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I don’t participate in bicycle racing. I don’t even own a bicycle, although if gas prices continue the way they are going, that may change. I don’t keep up with competitive cycling and I don’t watch the Tour de France on television.

But you’d have to be stranded on a desert island not to know about the controversy surrounding this year’s winner, Floyd Landis. His comeback win was a huge story. Then the word came that he had tested positive for high levels of testosterone and that the samples taken from him contained synthetic testosterone, a banned substance. He has been dismissed from his cycling team for violating its internal code of conduct. The director of the Tour said that Landis is no longer considered the champion, although the official stripping of the title will apparently have to await the outcome of an appeals process.

I am in no position to judge whether Landis is innocent or guilty. Maybe he cheated; maybe he didn’t. Most athletes don’t but some do. A couple of weeks ago, four minor league baseball players were banned for 50 games after they tested positive for performance-enhancing drugs. A major track-and-field athlete recently tested positive for a banned substance. It’s a problem across the sports world.

The temptation to cheat, which I would define as cutting corners in an inappropriate or unethical manner in order to gain an unfair advantage, is present in all areas of life. The temptation is fueled by competition. We are always looking for a way to survive, to succeed, and to win. Students compete with other students. Workers compete with other workers. Businesses compete with other businesses.

Churches compete with other churches, too. They shouldn’t, but they do. When a church sees itself as being in competition with other churches and when a pastor sees himself or herself as being in competition with other pastors, what unfortunately comes to matter the most is the same thing that matters the most to those athletes who use banned substances: winning.

We start evaluating our ministries by the status of the bottom lines. How big is the church membership? How many folks worship with us on Sunday? How big is the budget? If we’re not careful, having a good bottom line becomes so important to us that how we get there stops mattering to us. We’ll do whatever works. We’ll do whatever it takes.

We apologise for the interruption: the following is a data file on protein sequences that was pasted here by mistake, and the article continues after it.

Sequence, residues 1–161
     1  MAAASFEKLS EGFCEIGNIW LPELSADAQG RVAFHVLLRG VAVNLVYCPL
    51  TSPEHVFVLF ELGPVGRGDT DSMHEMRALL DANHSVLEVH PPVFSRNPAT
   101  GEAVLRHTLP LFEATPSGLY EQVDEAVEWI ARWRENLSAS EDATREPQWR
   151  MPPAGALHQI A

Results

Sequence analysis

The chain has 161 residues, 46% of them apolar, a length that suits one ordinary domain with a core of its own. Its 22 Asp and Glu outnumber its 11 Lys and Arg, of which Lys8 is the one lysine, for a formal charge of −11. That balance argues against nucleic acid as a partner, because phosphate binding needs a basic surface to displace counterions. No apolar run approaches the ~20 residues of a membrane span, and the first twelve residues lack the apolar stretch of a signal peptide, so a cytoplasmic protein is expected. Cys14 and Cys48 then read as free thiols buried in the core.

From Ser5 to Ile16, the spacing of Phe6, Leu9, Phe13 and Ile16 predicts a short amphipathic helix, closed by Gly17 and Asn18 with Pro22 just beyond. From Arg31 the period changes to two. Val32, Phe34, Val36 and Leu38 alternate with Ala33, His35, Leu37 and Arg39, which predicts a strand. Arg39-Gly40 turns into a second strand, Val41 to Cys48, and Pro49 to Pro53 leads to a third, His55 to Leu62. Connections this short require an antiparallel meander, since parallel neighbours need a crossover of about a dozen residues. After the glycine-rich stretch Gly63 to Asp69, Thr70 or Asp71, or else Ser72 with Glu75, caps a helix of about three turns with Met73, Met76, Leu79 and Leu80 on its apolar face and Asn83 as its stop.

What constitutes cheating in the church? We cheat when we wed our message to our culture. We cheat when we emphasize codes of conduct over the amazing grace of God. We cheat when we place anything else at the center of our faith and our message other than Jesus Christ. We cheat when we fail to take the entire biblical witness seriously. We cheat when we foster a pastor-centered personality cult. We cheat when we reduce Christian discipleship to local church loyalty.

Cultural captivity, moralizing, majoring on minors, shallow and uninformed bibliolatry, pastor worship, the replacing of Christianity with “churchianity”–these should be among the church’s “banned substances,” no matter how well they function as “performance enhancers.”

This is not to say that the only way to have good numerical results in the church is to cheat. A great many churches have a lot of folks and a lot of money and they are carrying out their ministries in ways that are as true to the spirit of Christ as they can make them. All churches should do the absolute best they can to do the best ministry they can and to reach the most people they can for Christ.

The test, I believe, is how central Jesus Christ is to all that we do and say. The challenge is to examine his life and his words and to do all that we can to minister like he did. If we do that, our ministry will be characterized by love for God and people that shows itself in service and sacrifice. We will serve and sacrifice for the sake of Christ and for the sake of the world. The increase will then be legitimate because it will be defined by God and given by God.

And we won’t be cheaters.

Michael L. Ruffin is pastor of The Hill Baptist Church in Augusta, Ga.

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